The Role of ‘Delegated Transferable Vote' for Supporting Tactical Voting in First-Past-the-Post Elections: An Anthropological Study of Local, Regional, and National Elections in the United Kingdom

The Role of ‘Delegated Transferable Vote' for Supporting Tactical Voting in First-Past-the-Post Elections: An Anthropological Study of Local, Regional, and National Elections in the United Kingdom

Jonathan Bishop (Congress of Researchers and Organisations for Cybercommunity, E-Learning and Socialnomics, UK) and Mark Beech (Independent Researcher, UK)
DOI: 10.4018/978-1-7998-4796-0.ch016


This chapter investigates a method of counting votes called ‘Delegated Transferable Vote' (DTV) as a means to ensure that every vote counts by enabling voters to be able to vote for the candidate they want in the knowledge that their vote will be tactically allocated by the candidate they vote for if they get less than 50% of the vote. The theory is that if a voter trusts someone enough to vote for them then they should trust them to allocate their vote to a candidate with similar policies or political philosophies to them. The chapter finds that in elections where the candidates want to keep out a particular candidate or party, such as because they have a hegemony, then DTV can be effective in changing the outcome. However, in election where tactical voting has already taken place, such as where people vote on issues instead of party lines, then the outcome of counting votes using DTV is on the whole not different from the one presently used in the United Kingdom, which is First-Past-the-Post (FPTP).
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The 2015 and 2019 general elections to the United Kingdom’s House of Commons had something in common – the voting public believed they could actually change things. In both elections minor parties, like the Green Party, saw its share of the vote increase, but this was not automatically translated into new seats because the voting system in the UK is based on first-past-the-post (FPTP), but the fact the 2017 and 2019 general elections followed the 2015 one so soon has brought this system into question (Cowper, 2019).

Existing Electoral Systems

Many current voting systems are imperfect, encouraging voters to not vote how they would wish to vote, but based on selecting who they think would most stop the person they do not want to vote for from getting elected (Zhang, Bouadi, & Martin, 2017).

The First-Past-The-Post (FPTP) method of election is one of the oldest and simplest that voters have been able to access to elect their representatives (Blais, 2008). FPTP operates by the candidate with the most votes winning the seat being contested, with the votes for other parties being cast aside and being considered a “wasted vote.” The outcome of the 2015 and 2019 general elections were essentially the same – a majority for the Conservative and Union Party representing the right and centre-right as the vote for socialist party was split. Criticisms of FPTP have included that it does not allow multi-member wards (Kelly, 2008), but in fact there are many multi-member council wards in England & Wales that are based on FPTP. The actual problem with FPTP is that some people might not get the candidate they vote for, even if that candidate does not command a strong share of the number of votes cast. Most political scientist experts would agree that FPTP is not a very good method for ensuring that elections are fair in terms of voters getting who they want and avoiding who they do not want (Blais, 2013). A number of alternatives to First-Past-The-Post have already been tried and tested, with various levels of success.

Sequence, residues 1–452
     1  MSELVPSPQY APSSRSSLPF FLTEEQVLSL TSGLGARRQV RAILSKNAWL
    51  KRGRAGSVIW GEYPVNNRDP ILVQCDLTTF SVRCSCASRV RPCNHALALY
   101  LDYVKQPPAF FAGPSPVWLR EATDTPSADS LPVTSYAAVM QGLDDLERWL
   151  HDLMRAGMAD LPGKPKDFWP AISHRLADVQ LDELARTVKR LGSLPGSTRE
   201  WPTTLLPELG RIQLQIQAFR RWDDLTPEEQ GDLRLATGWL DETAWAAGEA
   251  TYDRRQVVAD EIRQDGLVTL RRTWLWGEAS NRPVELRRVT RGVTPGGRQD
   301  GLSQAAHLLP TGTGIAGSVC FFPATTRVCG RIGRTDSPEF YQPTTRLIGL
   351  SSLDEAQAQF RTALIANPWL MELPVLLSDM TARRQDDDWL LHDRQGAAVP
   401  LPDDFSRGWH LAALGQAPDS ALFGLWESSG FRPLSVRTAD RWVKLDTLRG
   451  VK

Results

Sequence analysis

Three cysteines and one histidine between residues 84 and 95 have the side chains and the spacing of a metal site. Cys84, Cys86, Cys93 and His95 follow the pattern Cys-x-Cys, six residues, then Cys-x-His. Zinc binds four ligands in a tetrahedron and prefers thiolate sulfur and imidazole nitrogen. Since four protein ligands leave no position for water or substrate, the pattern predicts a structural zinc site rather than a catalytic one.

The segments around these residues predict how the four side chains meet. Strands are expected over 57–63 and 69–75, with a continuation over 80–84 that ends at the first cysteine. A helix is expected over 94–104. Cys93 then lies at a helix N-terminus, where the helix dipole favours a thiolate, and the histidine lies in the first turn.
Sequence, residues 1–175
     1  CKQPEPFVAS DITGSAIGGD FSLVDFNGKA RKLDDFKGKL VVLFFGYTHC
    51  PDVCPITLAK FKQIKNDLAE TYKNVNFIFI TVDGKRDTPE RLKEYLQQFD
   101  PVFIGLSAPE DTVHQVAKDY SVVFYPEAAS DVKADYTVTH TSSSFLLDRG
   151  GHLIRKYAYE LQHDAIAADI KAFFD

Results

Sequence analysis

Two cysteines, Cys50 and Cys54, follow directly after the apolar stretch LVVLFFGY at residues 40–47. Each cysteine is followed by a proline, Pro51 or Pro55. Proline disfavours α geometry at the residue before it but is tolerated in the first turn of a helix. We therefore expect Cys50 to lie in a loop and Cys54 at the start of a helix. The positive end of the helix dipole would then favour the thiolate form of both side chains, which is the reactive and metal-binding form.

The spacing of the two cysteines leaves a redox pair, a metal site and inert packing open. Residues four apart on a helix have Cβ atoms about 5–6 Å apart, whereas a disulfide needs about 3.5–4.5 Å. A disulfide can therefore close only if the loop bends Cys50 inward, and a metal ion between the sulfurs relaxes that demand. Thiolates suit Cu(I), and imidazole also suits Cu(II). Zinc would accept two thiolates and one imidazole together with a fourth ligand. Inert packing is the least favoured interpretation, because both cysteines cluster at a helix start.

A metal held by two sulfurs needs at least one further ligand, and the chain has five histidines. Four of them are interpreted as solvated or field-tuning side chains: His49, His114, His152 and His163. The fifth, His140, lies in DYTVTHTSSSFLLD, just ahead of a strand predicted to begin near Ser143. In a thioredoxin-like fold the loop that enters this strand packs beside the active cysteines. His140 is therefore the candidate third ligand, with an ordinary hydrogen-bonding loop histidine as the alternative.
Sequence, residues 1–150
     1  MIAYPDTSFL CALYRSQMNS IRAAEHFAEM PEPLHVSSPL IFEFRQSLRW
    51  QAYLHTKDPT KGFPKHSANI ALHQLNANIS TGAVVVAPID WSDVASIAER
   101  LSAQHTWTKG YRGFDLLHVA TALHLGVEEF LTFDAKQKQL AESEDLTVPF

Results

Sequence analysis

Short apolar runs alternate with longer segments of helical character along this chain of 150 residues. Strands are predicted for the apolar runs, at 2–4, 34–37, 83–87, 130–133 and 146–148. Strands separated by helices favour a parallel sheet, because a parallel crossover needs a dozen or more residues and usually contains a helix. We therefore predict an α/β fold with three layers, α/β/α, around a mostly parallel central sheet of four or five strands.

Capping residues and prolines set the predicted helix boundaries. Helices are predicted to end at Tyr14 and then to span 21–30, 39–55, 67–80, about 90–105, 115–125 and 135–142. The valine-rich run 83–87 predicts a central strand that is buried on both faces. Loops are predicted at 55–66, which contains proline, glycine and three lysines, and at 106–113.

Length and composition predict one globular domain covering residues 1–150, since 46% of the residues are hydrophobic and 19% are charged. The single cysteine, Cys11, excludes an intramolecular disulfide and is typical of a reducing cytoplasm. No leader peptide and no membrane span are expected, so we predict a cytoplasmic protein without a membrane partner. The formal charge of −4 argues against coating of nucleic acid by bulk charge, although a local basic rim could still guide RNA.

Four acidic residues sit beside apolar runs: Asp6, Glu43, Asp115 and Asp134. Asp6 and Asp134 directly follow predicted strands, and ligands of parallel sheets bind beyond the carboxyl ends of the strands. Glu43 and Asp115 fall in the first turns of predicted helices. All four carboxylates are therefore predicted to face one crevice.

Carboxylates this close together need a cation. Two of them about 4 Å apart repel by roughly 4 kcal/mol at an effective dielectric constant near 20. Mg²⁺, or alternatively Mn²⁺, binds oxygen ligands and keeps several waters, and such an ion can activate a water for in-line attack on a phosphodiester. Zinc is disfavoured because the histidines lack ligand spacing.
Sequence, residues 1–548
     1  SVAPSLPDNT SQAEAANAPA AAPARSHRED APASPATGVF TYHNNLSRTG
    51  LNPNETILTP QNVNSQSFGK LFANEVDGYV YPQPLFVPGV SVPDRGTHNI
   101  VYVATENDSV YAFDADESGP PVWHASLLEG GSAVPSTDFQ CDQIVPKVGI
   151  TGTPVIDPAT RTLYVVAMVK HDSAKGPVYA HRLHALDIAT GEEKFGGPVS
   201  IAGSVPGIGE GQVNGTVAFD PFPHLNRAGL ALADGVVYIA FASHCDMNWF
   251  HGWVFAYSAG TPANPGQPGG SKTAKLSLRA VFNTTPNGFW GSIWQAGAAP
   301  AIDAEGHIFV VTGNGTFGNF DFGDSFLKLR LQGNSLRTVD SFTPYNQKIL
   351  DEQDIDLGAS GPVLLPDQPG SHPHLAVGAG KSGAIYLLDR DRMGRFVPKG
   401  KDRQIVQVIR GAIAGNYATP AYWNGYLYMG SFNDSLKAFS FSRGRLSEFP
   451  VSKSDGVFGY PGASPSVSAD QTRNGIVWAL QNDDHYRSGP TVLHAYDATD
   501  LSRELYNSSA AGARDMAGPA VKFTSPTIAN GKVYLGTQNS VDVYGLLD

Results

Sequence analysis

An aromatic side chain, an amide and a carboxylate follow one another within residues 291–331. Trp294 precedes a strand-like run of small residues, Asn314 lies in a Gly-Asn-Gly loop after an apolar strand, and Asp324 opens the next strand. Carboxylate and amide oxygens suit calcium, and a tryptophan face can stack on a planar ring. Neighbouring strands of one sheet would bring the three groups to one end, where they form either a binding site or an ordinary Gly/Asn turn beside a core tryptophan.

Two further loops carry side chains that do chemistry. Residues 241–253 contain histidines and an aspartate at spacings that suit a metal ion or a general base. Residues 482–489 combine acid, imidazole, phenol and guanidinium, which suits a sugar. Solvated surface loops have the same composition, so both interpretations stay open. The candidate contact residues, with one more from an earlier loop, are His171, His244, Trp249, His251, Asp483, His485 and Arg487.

There have been proposed alternatives to this system, such as Single Transferable Vote (STV), where people vote in order of preference and alternative vote (AV) where they vote for their first preferred candidate and their second preferred candidate. The former is used in Scotland and Northern Ireland and the latter was rejected in a referendum. In Wales for elections to the Welsh Parliament (Senedd Cymru) are partly first-past-the-post and partly the D’Hondt system, which in the case of the latter penalises parties successful under FPTP by giving a greater share of the seats to parties underrepresented in FPTP.

Key Terms in this Chapter

Member of Parliament: Someone who is elected to the House of Commons within the UK Parliament.

Additional Member System: A form of proportional representation where the parties with the most seats under first past the post are penalised so as to have fewer seats under the system.

Delegated Transferable Voting: A method of counting votes where the candidate with the least votes allocates their votes to the candidate they think those that voted for them would most want to see elected.

Member of the House of Lords: Someone whom becomes a peer of the House of Lords by appointment or election from a pool of hereditary peers.

Welsh Assembly: The National Assembly for Wales is the legislative institution in Wales that is made up of Assembly Members who are elected by both first past the post and a form of proportional representation called the Additional Member System.

UK Parliament: The legislative institution for the United Kingdom made up of Members of Parliament and Members of the House of Lords.

First Past the Post: A method of counting votes where the candidate with the most votes is elected, even if they have less than 50% of the vote.

Proportional Representation: A method of counting votes where the number of seats a party gets its proportionate to the number of votes they get.

Assembly Member: Someone who is elected to the National Assembly for Wales.

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